Export-Mediated Assembly of Mycobacterial Glycoproteins Parallels Eukaryotic Pathways

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Science  05 Aug 2005:
Vol. 309, Issue 5736, pp. 941-943
DOI: 10.1126/science.1114347


Protein O-mannosylation is an essential and evolutionarily conserved post-translational modification among eukaryotes. This form of protein modification is also described in Mycobacterium tuberculosis; however, the mechanism of mannoprotein assembly remains unclear. Evaluation of differentially translocated chimeric proteins and mass spectrometry to monitor glycosylation demonstrated that specific translocation processes were required for protein O-mannosylation in M. tuberculosis. Additionally, Rv1002c, a M. tuberculosis membrane protein homolog of eukaryotic protein mannosyltransferases, was shown to catalyze the initial step of protein mannosylation. Thus, the process of protein mannosylation is conserved between M. tuberculosis and eukaryotic organisms.

Like eukaryotes, prokaryotes modify proteins with a variety of glycosyl residues that influence a number of biological events (1, 2). In Mycobacterium tuberculosis (Mtb), two fully characterized glycoproteins (Apa/Rv1860 and MPB83/Mb2898) possess threonine residues with linear α(1→2) and α(1→3) oligomannosides, a glycosylation pattern reminiscent of eukaryotic short-chain mannoproteins (35). Other proteins of Mtb are known to be glycosylated, presumably with mannose residues as defined by ConcanavalinA (ConA) reactivity (6, 7). As with other bacterial pathogens, the glycosylation of mycobacterial proteins influences host interactions; for example, antigen-specific T cell recognition of Apa requires mannosylation (8, 9), and LpqH, an O-mannosylated lipoprotein, is a Toll-like receptor 2 (TLR-2) agonist (10).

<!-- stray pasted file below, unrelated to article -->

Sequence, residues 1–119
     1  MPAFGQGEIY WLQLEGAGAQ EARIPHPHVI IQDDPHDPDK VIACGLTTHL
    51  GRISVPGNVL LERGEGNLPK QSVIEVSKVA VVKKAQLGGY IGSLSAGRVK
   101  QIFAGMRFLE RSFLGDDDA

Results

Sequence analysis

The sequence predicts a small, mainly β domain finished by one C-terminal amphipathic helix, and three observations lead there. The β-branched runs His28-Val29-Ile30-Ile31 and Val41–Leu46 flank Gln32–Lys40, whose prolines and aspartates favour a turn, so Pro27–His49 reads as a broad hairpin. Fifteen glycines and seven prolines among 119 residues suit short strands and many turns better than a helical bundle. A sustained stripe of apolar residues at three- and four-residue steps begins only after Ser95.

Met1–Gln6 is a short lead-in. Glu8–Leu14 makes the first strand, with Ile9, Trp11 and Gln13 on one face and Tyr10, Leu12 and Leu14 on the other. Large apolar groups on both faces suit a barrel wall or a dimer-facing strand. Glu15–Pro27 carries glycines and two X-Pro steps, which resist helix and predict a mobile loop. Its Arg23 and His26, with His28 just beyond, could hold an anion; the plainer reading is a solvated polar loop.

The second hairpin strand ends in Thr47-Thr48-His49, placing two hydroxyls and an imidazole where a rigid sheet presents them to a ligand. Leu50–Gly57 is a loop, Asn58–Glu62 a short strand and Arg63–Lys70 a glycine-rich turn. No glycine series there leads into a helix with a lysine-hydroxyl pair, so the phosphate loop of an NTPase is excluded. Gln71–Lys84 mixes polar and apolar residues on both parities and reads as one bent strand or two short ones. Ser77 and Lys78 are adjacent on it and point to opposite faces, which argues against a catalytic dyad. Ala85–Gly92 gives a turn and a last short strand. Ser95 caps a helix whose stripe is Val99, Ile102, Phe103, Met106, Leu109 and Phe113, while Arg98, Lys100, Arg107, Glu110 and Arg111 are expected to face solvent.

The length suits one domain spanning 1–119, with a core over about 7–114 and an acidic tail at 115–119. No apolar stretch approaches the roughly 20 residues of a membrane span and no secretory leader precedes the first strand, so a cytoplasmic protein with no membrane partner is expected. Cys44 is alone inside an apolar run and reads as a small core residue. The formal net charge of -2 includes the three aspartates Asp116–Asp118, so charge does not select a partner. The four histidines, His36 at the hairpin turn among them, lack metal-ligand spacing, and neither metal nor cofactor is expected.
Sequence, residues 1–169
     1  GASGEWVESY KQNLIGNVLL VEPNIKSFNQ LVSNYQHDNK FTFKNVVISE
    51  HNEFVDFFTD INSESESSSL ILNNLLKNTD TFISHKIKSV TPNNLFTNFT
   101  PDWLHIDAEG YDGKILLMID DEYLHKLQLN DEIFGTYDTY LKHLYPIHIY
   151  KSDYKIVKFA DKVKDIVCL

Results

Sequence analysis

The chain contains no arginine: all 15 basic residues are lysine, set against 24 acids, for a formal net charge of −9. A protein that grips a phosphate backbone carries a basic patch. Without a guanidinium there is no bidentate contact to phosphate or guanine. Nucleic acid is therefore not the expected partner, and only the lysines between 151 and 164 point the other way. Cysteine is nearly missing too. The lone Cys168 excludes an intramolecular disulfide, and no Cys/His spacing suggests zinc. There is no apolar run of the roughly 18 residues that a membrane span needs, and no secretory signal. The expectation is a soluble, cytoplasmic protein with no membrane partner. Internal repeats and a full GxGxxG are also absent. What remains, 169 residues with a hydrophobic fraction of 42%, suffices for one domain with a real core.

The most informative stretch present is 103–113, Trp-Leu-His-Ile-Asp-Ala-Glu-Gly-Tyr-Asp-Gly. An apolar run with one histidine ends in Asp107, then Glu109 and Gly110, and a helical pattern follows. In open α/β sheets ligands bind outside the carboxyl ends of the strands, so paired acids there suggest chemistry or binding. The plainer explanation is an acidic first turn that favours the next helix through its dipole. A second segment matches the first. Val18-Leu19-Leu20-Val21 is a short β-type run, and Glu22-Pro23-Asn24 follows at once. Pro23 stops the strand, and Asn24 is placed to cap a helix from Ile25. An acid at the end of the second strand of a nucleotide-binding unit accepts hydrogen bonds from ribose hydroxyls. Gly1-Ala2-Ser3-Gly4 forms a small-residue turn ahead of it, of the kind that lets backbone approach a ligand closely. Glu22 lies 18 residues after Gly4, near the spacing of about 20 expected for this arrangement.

The spatial assembly of a few bacterial glycoproteins has been addressed (1113), and although most bacterial glycoproteins are extracytoplasmic (1), little evidence exists to link glycosylation with any of the bacterial protein secretion pathways. In Mtb, the biosynthetic pathway of protein glycosylation remains largely unknown. However, similarities exist between the O-mannosylation of Mtb proteins and protein O-mannosylation in Saccharomyces cerevisiae. Specifically, mycobacterial and yeast mannoproteins are exported in a Sec-dependent fashion (3, 4, 6, 7), and protein O-mannosyltransferase (PMT) activity of both organisms is membrane associated, requiring a lipid carrier to donate mannose (5, 14). These similarities between otherwise disparate organisms suggest that the enzymatic machinery for protein O-mannosylation might also be conserved. The PMTs of S. cerevisiae are integral membrane proteins sharing amino acid sequence identities of 57.5% (5). Bioinformatic approaches identified a single Mtb PMT homolog, designated Rv1002c. This putative 55.5-kD protein displayed 22 to 24% identity with the PMTs of S. cerevisiae and presented a similar hydropathy profile (fig. S1). More prognostic of potential PMT activity were two conserved Arg residues in transmembrane domains and an Asp-Glu motif in the first predicted extracytoplasmic domain of Rv1002c (Fig. 1A). The Arg and Glu residues are essential and form the putative active site in yeast PMTs (15). These invariant residues are also common to the PMTs of higher eukaryotes such as humans (16).

Fig. 1.